For many years I struggled with the fear of being single all my life. I was thirty when I first started ministry. One of the committees of the Board of Ordained Ministry looks at the candidates’ lives to see how they fit with ministry. The first question I got in that meeting was, “Do you know how hard it is for a single woman pastor to get a date?” I hadn’t had a date in four years. But after ordination it seemed even harder. The funny looks and awkward pauses when a new acquaintance learned I was a pastor. Falling in love hard and despairing when the feelings weren’t at all mutual. The loud ticking of my biological clock making me miserable. Finally after three and a half years I had a boyfriend. He didn’t match my ideal in many ways. But he was kind and gentle and I found healing in our relationship. Yet after a year and a half, when it became clear that he was not interested in marriage the relationship ended. And it felt like death.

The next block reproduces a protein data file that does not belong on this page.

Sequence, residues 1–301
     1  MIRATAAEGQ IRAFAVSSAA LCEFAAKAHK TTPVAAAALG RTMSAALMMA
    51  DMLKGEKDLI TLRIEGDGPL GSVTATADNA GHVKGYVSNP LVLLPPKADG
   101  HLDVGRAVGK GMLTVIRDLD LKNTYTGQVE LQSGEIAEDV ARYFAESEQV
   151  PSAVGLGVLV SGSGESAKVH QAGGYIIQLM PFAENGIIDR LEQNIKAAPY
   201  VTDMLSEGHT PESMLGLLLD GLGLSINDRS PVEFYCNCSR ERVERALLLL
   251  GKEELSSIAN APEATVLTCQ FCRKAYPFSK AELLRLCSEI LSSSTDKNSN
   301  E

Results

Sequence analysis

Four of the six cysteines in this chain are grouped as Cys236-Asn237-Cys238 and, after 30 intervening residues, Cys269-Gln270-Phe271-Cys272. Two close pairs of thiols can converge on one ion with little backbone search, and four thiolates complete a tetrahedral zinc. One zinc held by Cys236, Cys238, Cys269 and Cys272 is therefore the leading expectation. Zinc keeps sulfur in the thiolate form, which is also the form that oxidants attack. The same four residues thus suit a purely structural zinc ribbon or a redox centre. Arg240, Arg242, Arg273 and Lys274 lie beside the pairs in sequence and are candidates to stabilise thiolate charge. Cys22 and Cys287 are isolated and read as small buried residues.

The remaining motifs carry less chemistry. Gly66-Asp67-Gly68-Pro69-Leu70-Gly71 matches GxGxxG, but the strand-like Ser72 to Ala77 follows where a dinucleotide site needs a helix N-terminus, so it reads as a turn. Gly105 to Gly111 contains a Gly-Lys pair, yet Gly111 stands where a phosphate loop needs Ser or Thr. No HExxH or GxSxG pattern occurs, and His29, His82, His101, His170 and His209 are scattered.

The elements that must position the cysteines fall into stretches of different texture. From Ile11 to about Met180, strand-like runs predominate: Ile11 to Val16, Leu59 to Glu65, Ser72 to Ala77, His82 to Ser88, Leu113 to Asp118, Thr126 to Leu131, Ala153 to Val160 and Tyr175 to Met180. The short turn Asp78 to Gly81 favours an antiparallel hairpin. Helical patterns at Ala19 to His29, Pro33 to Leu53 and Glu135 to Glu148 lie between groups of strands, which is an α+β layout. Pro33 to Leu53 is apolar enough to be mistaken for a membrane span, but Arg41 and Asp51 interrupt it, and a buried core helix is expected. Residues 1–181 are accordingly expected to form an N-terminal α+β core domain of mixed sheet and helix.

We try to console ourselves when faced with the death of a relationship. He wasn’t meant for you. You’re better off this way. There are many more fish in the sea. But caught up in the experience of death such words bounce off our hearts like golf balls off of pavement. The obstacle of death can leave us feeling hopeless.
Most of us have been touched deeply by the death of someone we love. It may be someone elderly who lived a good long life and had a relatively peaceful passing, or it may be an unexpected, or even tragic death. But each time someone we love dies, something in us dies too. At the edge of death we can feel a little crazy at times. Our emotions can run the gamut from raging anger, to deep despair, or simple numbness. Death interrupts the routines of our lives, we’ll reach for the phone and then after dialing remember there is no one there. Later as the grief subsides we’ll be going along fine for a while, and all of a sudden a song will come on, or we will smell something, or see something that triggers the grief all over again and we cry like a baby. The people around us want us to feel better and offer us platitudes – “God just wanted another angel.” “He’s better off now because he’s not suffering so much.” Very, very bad theology – I pray none of us ever again say such things to people in grief. If we are lucky such words bounce off our hearts like golf balls off of pavement, but at these times they are more likely to do some real damage to an already wounded soul. In any case the obstacle of death can leave us feeling hopeless.